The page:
Finally, when we were finished here we started making our way to Hunting Island. But first, we stopped to see one more set of ruins that was right along the road to the fort – St. Helena Chapel of Ease. This was yet another old church that was burned down and eventually abandoned, except this one has all 4 walls still standing. We did a quick walk-around before finishing the drive to our camping site.
Even with the colder temps and the rain coming our way this weekend, the campground for Hunting Island was packed, so if this is something you’re interested, make your reservations in advance online at http://www.huntingisland.com/camping.htm. We think most of the more primitive tent camping sites were closed for the season, so we had to be in a site near all the RV’s. (Never a real camper’s first choice!) The campground was very nice, with modern features such as flushing toilets, showers, and wifi. Not exactly essential for us, but for some it’s probably very necessary for their outdoor experience. (Looking at you, RV with the satellite dish!) 😉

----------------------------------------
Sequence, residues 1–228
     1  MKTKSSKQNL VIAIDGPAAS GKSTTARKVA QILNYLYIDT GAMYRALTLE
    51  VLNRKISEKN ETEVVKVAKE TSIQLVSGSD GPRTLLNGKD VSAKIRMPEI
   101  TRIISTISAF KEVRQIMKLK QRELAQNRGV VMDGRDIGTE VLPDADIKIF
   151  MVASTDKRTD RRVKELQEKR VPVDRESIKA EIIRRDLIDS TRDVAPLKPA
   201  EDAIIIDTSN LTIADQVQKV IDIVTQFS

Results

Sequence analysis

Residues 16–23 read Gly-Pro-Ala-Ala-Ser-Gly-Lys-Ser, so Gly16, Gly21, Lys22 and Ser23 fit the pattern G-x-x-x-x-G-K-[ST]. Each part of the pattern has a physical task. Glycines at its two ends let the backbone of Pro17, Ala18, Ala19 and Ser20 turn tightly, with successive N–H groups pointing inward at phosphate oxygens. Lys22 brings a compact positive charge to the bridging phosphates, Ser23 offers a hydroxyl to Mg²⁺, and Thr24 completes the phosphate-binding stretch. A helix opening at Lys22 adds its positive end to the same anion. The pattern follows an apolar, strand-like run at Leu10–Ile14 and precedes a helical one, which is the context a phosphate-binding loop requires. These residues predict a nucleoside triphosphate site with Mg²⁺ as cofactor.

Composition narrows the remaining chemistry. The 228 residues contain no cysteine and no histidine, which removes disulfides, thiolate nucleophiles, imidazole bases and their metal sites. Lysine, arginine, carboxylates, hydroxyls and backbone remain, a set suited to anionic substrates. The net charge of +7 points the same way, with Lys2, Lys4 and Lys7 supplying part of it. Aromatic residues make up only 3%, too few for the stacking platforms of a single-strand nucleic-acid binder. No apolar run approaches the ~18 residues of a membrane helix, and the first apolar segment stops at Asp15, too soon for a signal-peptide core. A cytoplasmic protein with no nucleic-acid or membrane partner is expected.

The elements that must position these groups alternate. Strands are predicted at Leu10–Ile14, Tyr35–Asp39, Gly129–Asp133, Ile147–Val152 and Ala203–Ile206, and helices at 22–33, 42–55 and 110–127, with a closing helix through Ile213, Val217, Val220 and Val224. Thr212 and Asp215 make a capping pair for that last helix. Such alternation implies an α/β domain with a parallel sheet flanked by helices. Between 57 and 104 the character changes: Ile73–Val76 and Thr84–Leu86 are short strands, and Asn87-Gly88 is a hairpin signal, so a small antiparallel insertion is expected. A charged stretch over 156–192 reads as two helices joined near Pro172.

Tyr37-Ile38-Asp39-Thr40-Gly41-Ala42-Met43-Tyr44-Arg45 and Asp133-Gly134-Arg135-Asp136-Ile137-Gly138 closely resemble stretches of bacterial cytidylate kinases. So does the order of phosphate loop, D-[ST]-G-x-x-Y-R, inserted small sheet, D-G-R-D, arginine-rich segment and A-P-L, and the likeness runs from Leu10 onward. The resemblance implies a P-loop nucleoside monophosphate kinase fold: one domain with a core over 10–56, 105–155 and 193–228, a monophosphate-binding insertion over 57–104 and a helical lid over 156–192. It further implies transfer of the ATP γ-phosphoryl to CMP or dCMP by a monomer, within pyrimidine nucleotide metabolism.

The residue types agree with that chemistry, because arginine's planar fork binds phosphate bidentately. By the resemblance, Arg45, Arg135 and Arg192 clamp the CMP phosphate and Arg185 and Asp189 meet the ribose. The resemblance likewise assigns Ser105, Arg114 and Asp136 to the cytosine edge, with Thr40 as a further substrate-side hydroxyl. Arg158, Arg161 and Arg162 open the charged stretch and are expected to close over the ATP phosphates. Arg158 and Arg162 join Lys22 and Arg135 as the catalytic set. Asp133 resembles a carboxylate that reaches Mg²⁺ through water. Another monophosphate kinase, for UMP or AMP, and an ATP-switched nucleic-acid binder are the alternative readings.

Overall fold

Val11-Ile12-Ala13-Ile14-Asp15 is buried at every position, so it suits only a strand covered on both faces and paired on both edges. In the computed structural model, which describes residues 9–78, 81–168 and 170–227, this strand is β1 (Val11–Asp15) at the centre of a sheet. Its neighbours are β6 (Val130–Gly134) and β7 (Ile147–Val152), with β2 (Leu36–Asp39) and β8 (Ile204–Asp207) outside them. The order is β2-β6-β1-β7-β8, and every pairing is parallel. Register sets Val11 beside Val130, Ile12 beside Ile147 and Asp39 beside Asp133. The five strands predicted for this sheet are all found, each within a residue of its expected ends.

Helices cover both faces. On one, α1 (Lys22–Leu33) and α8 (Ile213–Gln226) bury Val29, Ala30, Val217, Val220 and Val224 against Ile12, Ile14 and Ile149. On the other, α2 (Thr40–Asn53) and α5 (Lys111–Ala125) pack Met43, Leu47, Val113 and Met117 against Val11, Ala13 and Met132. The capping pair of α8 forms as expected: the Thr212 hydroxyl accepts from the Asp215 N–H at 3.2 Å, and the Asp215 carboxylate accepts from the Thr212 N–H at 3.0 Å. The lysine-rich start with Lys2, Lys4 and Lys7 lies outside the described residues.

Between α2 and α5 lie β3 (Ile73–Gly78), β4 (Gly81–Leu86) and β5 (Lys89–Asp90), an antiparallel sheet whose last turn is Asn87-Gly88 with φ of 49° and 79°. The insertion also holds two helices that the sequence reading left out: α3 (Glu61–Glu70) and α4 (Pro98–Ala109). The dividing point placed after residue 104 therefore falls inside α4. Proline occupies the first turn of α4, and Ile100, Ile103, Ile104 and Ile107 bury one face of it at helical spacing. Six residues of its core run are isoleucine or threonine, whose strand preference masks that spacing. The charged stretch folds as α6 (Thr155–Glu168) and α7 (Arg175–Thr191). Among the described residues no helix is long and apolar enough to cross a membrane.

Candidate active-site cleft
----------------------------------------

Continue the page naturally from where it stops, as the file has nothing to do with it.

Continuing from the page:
We set up our tent, then went to walk/metal detect the beach. We wandered on a trail all the way to the lighthouse, hung out there for a while, then made our way back. We watched our first sun set on the beach, then made our dinner on Curtis’ little camp stove. We had a delicious meal of sausage, potatoes, onions, and celery, with plenty of cookies for dessert, then called it a night and snuggled up in our little tent. It was rather cold, but we found that as long as we didn’t get out of our cocoons, we were fine.
Oh, and Charlotte wins the award for the Most Improved at Camping this trip! The only other experience she’s had with camping was during our 10 day trip through Colorado last September, and it was an epic fail: the only thing she wanted to do when inside of the tent was get out. She would literally jump at the walls – any walls – trying to find a door to escape. While she still doesn’t seem to know how tents work, she actually wanted to go in and sleep this time! While we were making dinner, we had her tied on a long rope to a tree, and I saw her jumping into the tent wall. I went and opened the door for her, and she walked right in, circled around an area, then laid down and went to sleep! She slept just fine with us both nights, which I loved so much more than having her sleep in the car. We snuggled all night and kept warm together. I’m so proud of her. 🙂